Saturday, June 16, 2012

Defenders of male imagery in gaming strike back

So, some of the people who took exception (let's call it that) to Anita Sarkeesian's "Tropes vs. Women" Kickstarter project-- which has now been officially funded, to the final tune of $158, 917-- have started a project of their own. It's going to be another web video series, called "An analysis of male roles and misandry present in modern video game media" and hosted at Indiegogo rather than Kickstarter (I don't know why they made that choice exactly, but was interested to learn of another fundraising site with slightly looser rules about what kind of projects are allowed. So far as I can tell though, theirs would've fit Kickstarter's rules just as well.)

I'm interested. How could I not be? Misandry's a real thing. Distorted, harmful stereotypes of men are a real thing. And they exist in video games, no doubt.

What's the problem? Well...I watched the Google doc discussion in which this project was originally planned on Wednesday. So did Kirk Hamilton of Kotaku, apparently, which resulted in this article-- and in the document eventually being deleted and replaced with a message to Kotaku notifying them that their journalism sucks (sorry, "sux), accompanied by a couple of bukkake pics which detracted slightly from the stated mission of fair and honest analysis of sexual stereotypes. The Indiegogo page explains:
In regards to the article in Kotaku that (voluntarily or not) attempted to disproved [sic] our credibility and undermine the project: the Google document that was flying around was, indeed, originally a way for the project leads to coordinate what the project was going to be about - for transparency, we left our document open for anyone to view and edit: A terrible mistake when the link was leaked in a group chat of 100+ people! As soon as we found out (as we were well beyond the stage of using the Google doc) the document was removed post-haste after being heavily vandalized with porn gifs - although, too late, somebody had tipped off Kotaku about it. We apologise deeply for the situation.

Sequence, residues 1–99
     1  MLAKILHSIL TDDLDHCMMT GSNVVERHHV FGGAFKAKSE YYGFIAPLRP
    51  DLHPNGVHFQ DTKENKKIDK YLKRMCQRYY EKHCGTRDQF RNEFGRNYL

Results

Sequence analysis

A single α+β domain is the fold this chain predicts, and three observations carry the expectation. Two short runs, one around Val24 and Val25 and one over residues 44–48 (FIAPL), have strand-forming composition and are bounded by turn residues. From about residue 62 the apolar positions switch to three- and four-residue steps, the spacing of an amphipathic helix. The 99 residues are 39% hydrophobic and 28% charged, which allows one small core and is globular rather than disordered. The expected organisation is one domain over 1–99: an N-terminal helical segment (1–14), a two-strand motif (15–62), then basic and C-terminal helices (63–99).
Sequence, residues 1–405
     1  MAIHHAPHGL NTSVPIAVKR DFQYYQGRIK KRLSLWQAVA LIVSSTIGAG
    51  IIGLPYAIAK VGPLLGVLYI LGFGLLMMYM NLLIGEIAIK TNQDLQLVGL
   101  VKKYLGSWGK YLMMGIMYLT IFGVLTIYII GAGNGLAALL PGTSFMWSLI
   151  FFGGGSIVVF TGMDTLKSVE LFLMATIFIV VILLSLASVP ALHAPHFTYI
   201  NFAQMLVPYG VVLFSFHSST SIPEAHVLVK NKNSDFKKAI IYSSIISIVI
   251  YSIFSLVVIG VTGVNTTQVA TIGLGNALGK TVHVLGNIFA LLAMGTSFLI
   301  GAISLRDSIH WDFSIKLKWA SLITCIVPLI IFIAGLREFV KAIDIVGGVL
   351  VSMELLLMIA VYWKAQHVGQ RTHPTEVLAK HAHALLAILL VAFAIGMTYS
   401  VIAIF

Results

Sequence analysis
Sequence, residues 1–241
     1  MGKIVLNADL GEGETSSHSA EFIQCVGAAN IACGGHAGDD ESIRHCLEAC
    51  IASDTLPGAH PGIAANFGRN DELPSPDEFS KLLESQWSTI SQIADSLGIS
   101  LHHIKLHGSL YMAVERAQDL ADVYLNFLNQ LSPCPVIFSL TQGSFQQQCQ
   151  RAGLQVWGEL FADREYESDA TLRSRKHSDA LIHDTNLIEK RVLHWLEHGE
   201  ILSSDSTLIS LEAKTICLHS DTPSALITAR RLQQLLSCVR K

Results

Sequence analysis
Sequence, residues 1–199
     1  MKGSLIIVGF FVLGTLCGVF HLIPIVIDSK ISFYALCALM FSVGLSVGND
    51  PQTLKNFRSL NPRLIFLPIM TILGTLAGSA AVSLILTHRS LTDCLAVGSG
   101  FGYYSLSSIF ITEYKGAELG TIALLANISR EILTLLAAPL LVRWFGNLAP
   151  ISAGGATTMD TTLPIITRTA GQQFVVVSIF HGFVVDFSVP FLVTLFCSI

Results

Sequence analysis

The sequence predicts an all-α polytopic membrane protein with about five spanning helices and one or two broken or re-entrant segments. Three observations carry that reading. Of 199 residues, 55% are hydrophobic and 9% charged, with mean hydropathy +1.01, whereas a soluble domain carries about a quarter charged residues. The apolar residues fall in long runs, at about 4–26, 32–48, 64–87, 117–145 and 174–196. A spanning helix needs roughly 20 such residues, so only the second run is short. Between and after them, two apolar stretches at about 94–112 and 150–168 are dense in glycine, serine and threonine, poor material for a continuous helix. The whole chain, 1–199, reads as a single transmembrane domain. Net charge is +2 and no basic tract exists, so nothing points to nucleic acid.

Here's the thing-- I don't know for sure and so can't say, but I'm just guessing that Sarkeesian's project is going to include some discussion of male tropes as well, because male and female tropes tend to show up together. You know, because the male power fantasy and the female sexual fantasy kind of depend on each other. I'm guessing that her project is called "Tropes vs. Women" and not "Sexist Tropes" because she thinks the ones about women are more harmful, not to deny that tropes about men exist. The statement of intent for the new, male-trope-specific project reads:
With the recent boom of indie game developers, videogames have become easier and easier to produce, something that used to take years and millions of dollars can be done with a zero budget in a matter of days with the same cultural impact and mainstream audience potential. So what happens when such a morally unrestricted form of entertainment starts accidentally spreading the wrong values?  
This video project will attempt to shed some light on the tremendous lack of variety in male character design, and how detrimental this becomes to a blossoming society that is growing accustomed to video games as a very real part of their lives. Such stale and stagnant design clashes vividly with the rainbow of personalities that are so abundant in real life, and seeing as how the hardware necessary has been available for a good few years, isn’t it about time that video games reflected the diversity of their audience?
Yes! Yes, it's about time. And frankly I'd love to hear suggestions about how this can be accomplished, about the "rainbow of personalities" currently missing in male video game characters that really should be depicted. Also presumably a rainbow of physical appearances, but that wasn't mentioned.

It's just...well, this isn't the most confidence-inspiring launch for such a project. It looks, on the face of it, like a bunch of dismissing, deflecting, and derailing. But I'd be happy to be mistaken about that.

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